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Patience

An 11 Year Journey with the Best Cat in the World


I didn't know you could be depressed as a 9-year-old. 

I lost my grandmother when I was six, and she was the only person keeping our family together. Without her, the seams came undone. Everyone shut down, became bitter, became hateful. It also didn't help that my 4th grade teacher told me I would never amount to anything. How can you tell a 9-year-old girl, who's just not the best at math, that she'll never amount to anything?

With all of this going on, I was also dealing with my older brother at home. I won't gore you with details, but let's just say he was very unhinged, and very abusive. My parents did their absolute best, but I believe some people are born broken, so broken he stayed. I would hide in the bathroom sometimes while he beat on the door, threatening to hurt me, just because he thought it was fun. The sadness, and feeling of worthlessness, was getting worse. 

Then, something miraculous happened: Licorice. My first ever pet.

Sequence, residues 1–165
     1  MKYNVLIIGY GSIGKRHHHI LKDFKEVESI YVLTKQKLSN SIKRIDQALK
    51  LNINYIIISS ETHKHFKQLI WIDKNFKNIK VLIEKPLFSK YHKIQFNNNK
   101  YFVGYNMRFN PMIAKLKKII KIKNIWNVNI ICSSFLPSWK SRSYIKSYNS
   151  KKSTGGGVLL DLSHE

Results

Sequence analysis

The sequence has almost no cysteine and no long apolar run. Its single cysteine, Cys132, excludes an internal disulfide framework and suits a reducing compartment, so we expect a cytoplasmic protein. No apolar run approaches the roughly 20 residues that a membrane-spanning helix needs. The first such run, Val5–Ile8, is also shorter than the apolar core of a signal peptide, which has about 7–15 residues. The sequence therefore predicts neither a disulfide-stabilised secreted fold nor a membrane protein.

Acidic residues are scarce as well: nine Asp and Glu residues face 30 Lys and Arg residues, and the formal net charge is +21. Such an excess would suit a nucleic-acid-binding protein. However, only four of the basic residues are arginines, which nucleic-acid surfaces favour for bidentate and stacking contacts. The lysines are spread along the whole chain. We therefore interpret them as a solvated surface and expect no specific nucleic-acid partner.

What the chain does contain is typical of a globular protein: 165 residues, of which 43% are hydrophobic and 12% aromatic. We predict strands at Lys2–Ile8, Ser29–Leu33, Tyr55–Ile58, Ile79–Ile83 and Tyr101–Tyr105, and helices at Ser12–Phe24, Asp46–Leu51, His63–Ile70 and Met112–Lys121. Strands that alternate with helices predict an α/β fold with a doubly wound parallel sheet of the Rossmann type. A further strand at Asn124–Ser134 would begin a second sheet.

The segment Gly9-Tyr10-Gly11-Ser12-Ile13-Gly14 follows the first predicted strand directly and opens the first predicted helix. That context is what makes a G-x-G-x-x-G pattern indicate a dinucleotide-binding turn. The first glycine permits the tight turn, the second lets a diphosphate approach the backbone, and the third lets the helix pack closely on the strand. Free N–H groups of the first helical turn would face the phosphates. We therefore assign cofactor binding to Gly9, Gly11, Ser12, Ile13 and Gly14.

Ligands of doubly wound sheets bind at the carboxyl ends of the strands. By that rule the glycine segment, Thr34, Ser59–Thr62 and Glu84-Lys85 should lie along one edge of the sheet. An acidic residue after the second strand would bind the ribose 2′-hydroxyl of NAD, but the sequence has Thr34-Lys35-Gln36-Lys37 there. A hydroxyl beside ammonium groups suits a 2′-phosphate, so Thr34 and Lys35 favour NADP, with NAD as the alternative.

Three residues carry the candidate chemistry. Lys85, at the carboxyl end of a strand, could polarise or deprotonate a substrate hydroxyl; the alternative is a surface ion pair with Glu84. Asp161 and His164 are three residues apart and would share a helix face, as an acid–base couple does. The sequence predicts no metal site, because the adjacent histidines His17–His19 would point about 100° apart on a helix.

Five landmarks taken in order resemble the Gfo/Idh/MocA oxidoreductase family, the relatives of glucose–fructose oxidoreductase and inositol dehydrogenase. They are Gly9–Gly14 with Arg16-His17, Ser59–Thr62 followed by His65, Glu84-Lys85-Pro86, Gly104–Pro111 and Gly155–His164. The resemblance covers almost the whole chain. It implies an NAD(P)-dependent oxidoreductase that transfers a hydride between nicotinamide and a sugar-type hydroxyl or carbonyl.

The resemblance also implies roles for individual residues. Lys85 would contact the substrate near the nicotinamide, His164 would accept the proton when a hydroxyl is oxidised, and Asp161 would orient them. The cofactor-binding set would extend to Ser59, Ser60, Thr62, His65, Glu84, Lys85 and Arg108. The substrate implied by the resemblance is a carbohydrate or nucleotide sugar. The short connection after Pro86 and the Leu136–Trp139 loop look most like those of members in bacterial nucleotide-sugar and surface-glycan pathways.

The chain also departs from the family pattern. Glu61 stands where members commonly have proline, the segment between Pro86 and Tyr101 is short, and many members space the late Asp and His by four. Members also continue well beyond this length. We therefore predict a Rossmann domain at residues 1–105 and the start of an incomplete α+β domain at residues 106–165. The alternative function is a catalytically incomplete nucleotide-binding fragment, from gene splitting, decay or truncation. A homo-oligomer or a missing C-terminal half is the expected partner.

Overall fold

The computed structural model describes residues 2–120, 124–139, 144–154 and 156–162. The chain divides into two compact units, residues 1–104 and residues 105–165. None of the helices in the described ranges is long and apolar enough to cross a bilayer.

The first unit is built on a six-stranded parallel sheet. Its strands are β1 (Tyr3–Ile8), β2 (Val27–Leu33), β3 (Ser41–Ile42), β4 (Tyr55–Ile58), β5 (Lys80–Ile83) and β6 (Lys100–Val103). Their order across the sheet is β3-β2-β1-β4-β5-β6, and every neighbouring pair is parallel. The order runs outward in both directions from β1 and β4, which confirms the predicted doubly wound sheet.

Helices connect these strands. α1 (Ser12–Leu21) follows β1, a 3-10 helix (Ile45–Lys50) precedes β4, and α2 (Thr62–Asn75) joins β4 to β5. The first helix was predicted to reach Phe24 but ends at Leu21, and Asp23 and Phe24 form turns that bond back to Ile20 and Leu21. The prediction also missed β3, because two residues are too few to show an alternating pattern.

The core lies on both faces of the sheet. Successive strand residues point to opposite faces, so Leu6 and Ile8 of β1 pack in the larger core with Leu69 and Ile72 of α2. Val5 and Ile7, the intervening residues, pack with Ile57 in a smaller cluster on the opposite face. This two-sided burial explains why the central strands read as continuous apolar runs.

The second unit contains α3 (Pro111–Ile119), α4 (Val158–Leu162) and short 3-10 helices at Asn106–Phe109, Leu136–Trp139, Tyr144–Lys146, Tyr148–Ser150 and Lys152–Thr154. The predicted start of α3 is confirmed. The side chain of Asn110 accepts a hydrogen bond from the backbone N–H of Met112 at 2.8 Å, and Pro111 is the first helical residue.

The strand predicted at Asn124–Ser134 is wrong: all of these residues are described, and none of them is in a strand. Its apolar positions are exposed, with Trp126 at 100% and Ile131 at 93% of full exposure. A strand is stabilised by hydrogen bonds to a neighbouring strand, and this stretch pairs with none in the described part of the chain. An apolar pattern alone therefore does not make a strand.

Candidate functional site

Licorice was supposed to be a Christmas present, but we got him around Thanksgiving instead, because he wasn't doing well with my aunt and uncle. From what my parents explained, he was the runt of his litter. He was smaller than his brothers and sisters, and he was the only black cat amongst them. They had originally found him under a highway in Lansing, Michigan, in a box marked "free kittens." He was only a few weeks old. I know in my heart that we got him at exactly the right time in all of our lives. There was a lot of stress in the house: We were planning to move to Nevada, my mom was battling my brother on everything, my dad developed a debilitating fear of tornados, and I was just trying to survive 4th grade math. But this little kitten brightened our lives. He had a big head then, so big that his little body couldn't hold it up. He'd throw his own head onto the floor when he "flopped" down onto the ground, and that made us all laugh in a time where our house was silent. 

At first, he was a very playful cat. He would do what we called a "hit and run," where he'd dart out from underneath the couch, attack our legs, and run right back into his hiding spot. I would run back and forth for hours, trying to catch him. He even helped me with homework. He would bat at my pencil and lay right on top of the paper, giving me happy memories in a time where it could have easily been bad ones.